While they take a healthy cut of ads sold by publishers themselves, they also get advertisers to bypass digital publishers and spend directly on their platforms. Such is the demand, the ad research company AdStage reckons ad prices on Facebook nearly tripled in the first eight months of 2017, to $11.17 per 1,000 impressions. Alphabet’s share of the U.S. digital advertising market will be up about 19% in 2017, Facebook’s will grow an astonishing 40%.
Alphabet’s average quarterly gross margin in 2017 was around 60%. Facebook’s was over 80%.
So it’s not surprising that the digital media business is going through a shakeout. While publicly-traded newspaper companies were again expecting quarterly year-over-year revenue declines of as much as 17-20%, digital media companies that only yesterday were commentators’ darlings began to look wobbly too. Nobody had a banner (excuse me) year.
- Verizon’s Oath, an inelegant kludge of the Huffington Post, AOL, Yahoo and some ad tech products, announced it was laying off 560 staffers
- Late in Q4 Buzzfeed was on track to miss its revenue target of $350 million by about 20%. It too announced layoffs, about 100 of its 1,700 staff
- It also looked likely that Vice Media was going to miss its $800 million revenue target
- Mashable was bought by Ziff-Davis for $50 million, 20% of its 2016 valuation
- IAC was trying to offload the Daily Beast
Hold on. Outfits like Buzzfeed and Vice were supposed to be in the vanguard of the new media age. Is this market correction really just a function of The Duopoly’s dominance? Well, sure – but they compound the problem. In their core business of media publishing and advertising sales, they’re breaking some cardinal rules of media. If they can fix them, this revenue shortfall will be a mere bump in the road.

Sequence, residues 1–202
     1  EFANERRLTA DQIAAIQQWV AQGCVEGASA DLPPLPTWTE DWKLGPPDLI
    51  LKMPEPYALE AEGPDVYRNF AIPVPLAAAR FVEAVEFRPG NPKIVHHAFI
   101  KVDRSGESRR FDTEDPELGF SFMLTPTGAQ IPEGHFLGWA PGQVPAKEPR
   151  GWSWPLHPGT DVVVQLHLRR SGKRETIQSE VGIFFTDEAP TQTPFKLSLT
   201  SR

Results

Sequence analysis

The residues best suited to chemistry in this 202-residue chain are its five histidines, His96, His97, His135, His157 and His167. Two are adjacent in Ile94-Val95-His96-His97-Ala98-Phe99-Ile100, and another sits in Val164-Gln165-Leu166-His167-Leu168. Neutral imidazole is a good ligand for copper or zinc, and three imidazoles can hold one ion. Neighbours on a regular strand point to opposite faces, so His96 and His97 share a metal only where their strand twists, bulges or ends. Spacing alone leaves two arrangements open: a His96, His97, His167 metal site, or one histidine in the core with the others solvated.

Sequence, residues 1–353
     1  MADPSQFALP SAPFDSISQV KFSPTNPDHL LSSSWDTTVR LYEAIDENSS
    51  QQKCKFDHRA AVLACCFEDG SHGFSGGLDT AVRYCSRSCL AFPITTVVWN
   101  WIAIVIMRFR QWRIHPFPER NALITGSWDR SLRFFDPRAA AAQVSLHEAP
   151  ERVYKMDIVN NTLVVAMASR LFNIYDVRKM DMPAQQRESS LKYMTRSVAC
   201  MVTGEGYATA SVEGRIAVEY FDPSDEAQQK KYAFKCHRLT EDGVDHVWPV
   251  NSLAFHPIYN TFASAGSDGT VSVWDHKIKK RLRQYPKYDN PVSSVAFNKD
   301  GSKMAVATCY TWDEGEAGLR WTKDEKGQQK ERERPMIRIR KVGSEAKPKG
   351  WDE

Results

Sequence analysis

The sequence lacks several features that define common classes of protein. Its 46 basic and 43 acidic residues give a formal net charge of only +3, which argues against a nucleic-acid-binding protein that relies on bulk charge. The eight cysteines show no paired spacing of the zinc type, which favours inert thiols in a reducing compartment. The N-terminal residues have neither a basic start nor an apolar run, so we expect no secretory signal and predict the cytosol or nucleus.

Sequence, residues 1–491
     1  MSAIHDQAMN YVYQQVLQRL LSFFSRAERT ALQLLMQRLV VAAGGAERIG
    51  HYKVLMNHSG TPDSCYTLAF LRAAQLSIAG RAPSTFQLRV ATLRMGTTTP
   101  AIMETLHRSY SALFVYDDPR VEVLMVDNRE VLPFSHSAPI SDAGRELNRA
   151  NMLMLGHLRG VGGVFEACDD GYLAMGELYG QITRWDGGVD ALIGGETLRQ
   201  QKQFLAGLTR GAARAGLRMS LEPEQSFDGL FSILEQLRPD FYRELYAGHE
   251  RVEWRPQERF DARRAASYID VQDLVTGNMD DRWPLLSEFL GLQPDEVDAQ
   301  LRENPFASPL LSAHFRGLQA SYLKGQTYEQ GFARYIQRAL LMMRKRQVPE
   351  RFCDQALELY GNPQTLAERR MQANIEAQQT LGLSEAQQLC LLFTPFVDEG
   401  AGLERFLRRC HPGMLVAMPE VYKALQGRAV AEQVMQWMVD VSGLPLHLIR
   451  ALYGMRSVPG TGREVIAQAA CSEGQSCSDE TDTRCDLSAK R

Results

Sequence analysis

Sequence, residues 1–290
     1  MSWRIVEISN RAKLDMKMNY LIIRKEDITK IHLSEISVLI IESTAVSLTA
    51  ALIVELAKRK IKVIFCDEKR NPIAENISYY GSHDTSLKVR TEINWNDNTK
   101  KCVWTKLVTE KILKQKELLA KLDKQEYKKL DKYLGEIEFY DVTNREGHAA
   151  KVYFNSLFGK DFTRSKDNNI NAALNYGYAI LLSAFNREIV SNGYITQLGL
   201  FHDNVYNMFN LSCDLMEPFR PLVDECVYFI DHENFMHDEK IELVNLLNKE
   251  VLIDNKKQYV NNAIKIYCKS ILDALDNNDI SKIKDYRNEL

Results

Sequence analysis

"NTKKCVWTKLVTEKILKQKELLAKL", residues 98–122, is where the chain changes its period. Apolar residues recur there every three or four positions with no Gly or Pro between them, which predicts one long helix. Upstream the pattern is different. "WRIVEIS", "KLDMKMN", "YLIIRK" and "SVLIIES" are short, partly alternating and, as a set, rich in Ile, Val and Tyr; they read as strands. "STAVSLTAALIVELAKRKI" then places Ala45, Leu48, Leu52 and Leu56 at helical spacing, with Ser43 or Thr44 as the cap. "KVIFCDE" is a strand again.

Two years ago, right here, in You Gotta Pick Your Shots we warned of an impending shakeout. And we think it’s going to get worse before it gets better. A lot worse. Aside from The Duopoly, the reason is simple: In the world of digital media, there is a glut of undifferentiated content and a glut of undifferentiated advertising, all chasing one unqualified and over-saturated market. The fabled holy grail. The Millennials market.
The market opportunity was an obvious one. Millennials spend more than $200 billion annually, according to Advertising Age, and the market was there for the taking, for it had been abandoned by traditional media. Not one newspaper company developed a digital product that spoke successfully to Millennial audiences.
Fundamentally, what doomed newspapers was their failure to replenish their aging audience with a younger one.
That failure means they are dying as a matter of actuarial certainty. The only issue is how long the process will take.
Into the market vacuum left by newspapers came a host of new digital media products, born on the web. Several, like Buzzfeed and Vice Media, serve multiple segments of the entire Millennials marketplace. Others, like Cheddar and Refinery29, are chasing a specific segment of it.
“Trust us, we know millennials.” That’s their pitch, to venture funds and marketers alike.
But Millennials are difficult consumers to convert into profitable audiences. They curate their own news , drawing from multiple platforms like Twitter, Facebook, Tumblr or even just the particular news apps they select on their phones. A crude segmentation of the feeds they look at every day might comprise national and international news brands, trusted or favored personalities, politicians and activists, work-related stuff and personal interests. Once a product makes that self-curated list, metrics like frequency and engagement improve dramatically.